Farming for Nature (FFN) has added to its network of sustainanble farmers, as Donegal man Henry O'Donnell is the most recently recruited ambassador.

Henry O'Donnell manages a mixed organic farm in the uplands of north Donegal.

The 92ha farm is made up of different types of land including lowland pasture, marginal upland and commonage.

He runs a flock of 60 horned upland ewes in a low-input and low-cost system.

O'Donnell also runs a herd of suckler cattle, which are a mixture of continental breeds and Galloways, producing high-quality organic beef.

Low inputs

The Donegal farmer's inputs are extremely low on the farm and he has been experimenting with growing red clover swards for winter fodder, as well as multi-species swards for grazing on the lowlands.

The animals graze a mixture of diverse vegetation throughout the year as they move from the lowlands to the uplands.

Last year, Henry moved the Galloways uphill even further to graze the commonage land and said that they have done an excellent job, as they are non-selective grazers.

"They have removed a lot of millennia and dead grass, thus improving the biodiversity of the land.

"They have also improved the grazing for the sheep that are coming after them,” he said.

O'Donnell is passionate about the importance of grazing animals in maintaining marginal uplands through reducing fire risks, maintaining plant diversity and fertilising the land.

A strong advocate for low-impact, high-nature value farming systems, O'Donnell reflects this in the way in which he runs his own farm in the hills of Donegal.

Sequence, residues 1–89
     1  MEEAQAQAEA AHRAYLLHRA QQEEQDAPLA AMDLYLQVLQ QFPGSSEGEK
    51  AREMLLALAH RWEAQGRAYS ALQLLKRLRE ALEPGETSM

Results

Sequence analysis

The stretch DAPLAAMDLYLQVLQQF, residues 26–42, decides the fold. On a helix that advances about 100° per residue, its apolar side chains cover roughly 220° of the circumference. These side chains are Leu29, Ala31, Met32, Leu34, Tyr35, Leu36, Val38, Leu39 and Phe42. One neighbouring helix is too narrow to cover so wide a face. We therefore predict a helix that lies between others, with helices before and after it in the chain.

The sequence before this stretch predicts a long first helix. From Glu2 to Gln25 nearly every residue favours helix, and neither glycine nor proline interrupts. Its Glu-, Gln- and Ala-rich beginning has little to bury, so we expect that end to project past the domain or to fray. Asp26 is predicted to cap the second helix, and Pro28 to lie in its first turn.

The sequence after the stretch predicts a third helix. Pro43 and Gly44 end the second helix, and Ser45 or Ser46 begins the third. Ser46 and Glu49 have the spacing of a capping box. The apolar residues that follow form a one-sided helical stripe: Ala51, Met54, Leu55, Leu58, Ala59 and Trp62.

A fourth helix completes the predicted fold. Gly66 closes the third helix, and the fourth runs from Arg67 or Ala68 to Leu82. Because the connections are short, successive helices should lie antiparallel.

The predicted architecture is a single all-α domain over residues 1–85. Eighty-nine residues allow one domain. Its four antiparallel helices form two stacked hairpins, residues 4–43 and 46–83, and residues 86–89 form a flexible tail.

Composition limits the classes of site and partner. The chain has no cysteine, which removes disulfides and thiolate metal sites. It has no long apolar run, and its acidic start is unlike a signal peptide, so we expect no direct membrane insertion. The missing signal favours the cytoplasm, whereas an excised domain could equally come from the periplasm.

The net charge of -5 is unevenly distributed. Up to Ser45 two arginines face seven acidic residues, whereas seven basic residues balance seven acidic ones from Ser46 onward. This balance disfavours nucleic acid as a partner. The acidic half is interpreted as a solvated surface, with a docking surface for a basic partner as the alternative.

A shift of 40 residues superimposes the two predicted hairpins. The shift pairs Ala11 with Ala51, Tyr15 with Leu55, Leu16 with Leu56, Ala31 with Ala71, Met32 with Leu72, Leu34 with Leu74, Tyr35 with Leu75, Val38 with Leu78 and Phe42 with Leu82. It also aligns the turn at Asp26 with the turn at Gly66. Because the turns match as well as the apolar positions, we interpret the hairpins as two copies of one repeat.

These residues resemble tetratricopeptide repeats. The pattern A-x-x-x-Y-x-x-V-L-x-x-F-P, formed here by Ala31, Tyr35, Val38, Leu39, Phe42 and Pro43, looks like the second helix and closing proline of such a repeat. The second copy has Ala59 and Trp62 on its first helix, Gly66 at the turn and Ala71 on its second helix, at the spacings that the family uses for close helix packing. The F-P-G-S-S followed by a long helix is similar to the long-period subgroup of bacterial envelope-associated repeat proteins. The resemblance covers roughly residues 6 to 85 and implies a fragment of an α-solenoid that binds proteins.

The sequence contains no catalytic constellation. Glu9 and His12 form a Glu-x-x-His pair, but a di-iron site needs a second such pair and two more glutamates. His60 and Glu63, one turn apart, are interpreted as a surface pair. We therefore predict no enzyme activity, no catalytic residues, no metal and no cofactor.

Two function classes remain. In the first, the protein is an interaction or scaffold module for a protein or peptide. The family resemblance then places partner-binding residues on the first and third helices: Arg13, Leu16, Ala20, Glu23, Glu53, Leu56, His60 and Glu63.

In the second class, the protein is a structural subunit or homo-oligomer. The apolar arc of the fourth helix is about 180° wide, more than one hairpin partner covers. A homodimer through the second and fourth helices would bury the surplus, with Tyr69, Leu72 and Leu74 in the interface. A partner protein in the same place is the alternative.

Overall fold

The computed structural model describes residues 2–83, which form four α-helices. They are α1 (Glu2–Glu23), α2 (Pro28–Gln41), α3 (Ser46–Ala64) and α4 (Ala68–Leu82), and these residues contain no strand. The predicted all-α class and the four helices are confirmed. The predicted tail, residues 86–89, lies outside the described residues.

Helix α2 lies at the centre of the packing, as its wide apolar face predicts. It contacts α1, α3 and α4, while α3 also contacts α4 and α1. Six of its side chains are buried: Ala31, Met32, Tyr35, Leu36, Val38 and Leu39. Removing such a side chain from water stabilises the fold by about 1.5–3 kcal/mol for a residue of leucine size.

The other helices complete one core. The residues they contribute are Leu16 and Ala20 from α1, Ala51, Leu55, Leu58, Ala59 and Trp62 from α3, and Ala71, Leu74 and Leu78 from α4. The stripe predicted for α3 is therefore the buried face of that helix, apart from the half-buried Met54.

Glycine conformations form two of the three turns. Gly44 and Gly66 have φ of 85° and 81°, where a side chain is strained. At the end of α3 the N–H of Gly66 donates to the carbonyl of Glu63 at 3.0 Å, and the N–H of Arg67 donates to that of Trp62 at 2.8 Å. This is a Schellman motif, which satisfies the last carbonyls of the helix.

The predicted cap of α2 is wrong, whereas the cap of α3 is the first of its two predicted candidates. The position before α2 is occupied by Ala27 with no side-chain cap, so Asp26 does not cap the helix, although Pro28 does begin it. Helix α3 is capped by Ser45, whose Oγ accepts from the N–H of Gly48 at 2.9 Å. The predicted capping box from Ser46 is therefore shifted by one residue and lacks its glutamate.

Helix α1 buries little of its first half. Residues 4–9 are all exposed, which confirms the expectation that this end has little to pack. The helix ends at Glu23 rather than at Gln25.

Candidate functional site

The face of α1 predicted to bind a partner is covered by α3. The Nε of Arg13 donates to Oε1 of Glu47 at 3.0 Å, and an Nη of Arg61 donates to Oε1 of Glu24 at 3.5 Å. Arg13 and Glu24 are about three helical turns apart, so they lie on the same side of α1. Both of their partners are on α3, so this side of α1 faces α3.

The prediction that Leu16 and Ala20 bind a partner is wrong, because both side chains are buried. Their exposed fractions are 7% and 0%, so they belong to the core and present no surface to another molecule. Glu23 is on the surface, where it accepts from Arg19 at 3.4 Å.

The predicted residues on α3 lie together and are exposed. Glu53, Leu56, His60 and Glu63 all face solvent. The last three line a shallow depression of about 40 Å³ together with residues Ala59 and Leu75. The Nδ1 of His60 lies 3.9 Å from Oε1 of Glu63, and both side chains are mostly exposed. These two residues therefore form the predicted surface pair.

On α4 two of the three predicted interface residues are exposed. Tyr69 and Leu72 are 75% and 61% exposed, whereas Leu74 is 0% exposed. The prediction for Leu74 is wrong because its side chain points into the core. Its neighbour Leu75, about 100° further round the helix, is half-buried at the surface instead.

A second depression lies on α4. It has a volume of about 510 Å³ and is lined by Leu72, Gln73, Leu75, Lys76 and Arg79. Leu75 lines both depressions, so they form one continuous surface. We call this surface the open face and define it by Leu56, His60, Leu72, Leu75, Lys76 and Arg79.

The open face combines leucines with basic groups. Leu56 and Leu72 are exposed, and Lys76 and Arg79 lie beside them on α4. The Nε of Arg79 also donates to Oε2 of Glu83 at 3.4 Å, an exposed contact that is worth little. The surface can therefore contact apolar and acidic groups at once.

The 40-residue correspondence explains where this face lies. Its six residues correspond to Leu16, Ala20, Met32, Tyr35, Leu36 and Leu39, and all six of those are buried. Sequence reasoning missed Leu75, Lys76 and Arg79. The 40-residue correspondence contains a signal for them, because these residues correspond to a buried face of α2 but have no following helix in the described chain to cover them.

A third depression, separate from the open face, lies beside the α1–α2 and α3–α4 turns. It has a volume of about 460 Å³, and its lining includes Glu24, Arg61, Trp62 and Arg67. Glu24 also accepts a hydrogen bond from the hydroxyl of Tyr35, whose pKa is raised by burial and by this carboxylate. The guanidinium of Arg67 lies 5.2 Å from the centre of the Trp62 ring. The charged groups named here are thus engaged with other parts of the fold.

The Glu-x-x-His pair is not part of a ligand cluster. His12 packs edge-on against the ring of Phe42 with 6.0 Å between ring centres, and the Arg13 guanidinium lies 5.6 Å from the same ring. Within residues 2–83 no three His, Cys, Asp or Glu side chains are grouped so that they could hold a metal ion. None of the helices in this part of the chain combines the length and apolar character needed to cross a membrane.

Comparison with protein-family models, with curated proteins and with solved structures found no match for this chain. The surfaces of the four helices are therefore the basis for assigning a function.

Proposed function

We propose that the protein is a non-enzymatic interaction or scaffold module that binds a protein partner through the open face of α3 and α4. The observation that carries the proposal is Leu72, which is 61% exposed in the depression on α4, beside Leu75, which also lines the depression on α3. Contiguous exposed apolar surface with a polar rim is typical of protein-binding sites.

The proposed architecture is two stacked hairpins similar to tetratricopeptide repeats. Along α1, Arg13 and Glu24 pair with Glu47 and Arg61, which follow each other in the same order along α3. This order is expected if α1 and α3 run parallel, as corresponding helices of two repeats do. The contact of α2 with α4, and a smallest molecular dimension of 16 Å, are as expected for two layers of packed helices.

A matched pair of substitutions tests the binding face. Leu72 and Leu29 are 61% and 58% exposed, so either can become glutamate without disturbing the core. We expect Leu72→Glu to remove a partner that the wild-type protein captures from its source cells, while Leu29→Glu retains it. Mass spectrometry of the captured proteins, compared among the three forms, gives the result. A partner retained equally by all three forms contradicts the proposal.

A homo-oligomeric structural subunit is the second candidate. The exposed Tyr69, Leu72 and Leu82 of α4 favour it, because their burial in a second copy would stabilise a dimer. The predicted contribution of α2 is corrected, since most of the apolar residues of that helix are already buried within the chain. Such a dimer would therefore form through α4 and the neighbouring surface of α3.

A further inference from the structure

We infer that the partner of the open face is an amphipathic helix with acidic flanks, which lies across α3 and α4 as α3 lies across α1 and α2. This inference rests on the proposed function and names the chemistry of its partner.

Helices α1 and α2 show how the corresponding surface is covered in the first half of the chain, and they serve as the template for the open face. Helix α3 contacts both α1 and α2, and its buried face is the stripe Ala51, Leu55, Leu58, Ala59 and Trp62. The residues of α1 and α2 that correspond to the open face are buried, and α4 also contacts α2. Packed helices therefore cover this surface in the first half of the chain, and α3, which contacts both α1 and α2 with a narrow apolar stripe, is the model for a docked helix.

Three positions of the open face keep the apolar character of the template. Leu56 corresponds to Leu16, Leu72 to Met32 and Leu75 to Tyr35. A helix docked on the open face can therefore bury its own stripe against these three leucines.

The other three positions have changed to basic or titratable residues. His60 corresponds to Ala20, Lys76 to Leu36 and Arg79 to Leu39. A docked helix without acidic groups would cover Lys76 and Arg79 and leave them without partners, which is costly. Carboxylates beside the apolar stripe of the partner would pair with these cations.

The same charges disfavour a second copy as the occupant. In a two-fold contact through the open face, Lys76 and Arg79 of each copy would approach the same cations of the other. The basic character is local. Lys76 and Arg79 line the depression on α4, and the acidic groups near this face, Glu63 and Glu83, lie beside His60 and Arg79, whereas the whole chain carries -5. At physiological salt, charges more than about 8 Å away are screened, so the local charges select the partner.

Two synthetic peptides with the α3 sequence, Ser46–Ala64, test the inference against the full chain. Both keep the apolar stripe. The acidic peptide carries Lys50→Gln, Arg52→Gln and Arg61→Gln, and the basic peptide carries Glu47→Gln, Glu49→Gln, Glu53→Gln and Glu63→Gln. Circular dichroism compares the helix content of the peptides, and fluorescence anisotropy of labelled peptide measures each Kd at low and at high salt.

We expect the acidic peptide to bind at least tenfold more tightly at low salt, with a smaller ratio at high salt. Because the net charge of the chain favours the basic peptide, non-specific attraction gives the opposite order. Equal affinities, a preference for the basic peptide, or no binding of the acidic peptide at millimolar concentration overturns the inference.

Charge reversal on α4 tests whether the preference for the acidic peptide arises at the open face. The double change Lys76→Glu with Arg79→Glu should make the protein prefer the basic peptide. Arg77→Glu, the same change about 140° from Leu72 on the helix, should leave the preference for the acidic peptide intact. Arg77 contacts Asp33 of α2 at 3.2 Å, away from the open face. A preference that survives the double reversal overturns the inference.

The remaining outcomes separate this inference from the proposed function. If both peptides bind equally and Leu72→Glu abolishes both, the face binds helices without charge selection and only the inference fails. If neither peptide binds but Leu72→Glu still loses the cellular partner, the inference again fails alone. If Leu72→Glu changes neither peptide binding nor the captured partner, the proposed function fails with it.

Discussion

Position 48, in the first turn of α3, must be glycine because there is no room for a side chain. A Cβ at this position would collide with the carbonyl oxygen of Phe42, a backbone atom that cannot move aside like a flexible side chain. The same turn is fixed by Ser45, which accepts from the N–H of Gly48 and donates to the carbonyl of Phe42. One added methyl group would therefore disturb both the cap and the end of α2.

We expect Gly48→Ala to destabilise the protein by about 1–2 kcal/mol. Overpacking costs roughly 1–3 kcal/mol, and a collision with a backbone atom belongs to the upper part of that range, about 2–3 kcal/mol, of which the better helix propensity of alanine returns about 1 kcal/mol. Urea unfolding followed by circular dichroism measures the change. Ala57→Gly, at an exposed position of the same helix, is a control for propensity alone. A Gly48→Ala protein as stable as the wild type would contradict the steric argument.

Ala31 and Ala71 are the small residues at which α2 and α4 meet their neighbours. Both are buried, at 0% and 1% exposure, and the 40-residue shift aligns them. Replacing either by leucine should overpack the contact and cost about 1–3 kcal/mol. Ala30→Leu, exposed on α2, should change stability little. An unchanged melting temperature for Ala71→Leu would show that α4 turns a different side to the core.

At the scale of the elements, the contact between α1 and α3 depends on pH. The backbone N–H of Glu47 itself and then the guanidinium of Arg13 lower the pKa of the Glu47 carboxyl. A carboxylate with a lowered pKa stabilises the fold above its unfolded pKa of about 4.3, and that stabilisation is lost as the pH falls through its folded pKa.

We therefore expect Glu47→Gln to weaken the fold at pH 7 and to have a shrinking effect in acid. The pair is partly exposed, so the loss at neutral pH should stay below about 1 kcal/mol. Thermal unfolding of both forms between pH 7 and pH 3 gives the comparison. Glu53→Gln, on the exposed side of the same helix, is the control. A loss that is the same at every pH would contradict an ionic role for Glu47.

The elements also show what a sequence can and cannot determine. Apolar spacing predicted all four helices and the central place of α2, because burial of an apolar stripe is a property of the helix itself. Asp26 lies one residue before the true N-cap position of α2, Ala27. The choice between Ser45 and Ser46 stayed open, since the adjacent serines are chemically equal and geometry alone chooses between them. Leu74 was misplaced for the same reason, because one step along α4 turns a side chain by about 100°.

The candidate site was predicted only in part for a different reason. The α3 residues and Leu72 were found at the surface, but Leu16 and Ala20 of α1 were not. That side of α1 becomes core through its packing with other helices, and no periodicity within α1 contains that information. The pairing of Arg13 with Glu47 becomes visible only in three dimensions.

Four-year anniversary

Now in its fourth year, FFN was set up with an aim to source, share and celebrate the stories of farmers across Ireland who manage their land in a way that sustains nature, while providing a livelihood for their family.

O'Donnell is part of this year’s 23 ambassadors that come from across Ireland and include beef, sheep, forestry, dairy, horticulture and tillage farmers who manage a wide range of very valuable habitats, including species-rich grasslands and heaths, wetlands, woodlands and hedgerows.

The FFN ambassador network is quite vast and is made up of family farms, couples and both male and female farmers.

Keep an eye on FFN’s Facebook, Instagram and Twitter platforms to learn more about these wonderful farmers and the valuable work they are doing for nature on their land.

FFN will work with these inspiring ambassadors to produce farm videos, podcasts, ‘ask the farmer’ sessions, farm walks and more.

The FFN awards are sponsored by Bord Bia and supported by a wide range of farming and conservation interests including the Department of Agriculture, the National Parks and Wildlife Service and the National Rural Network.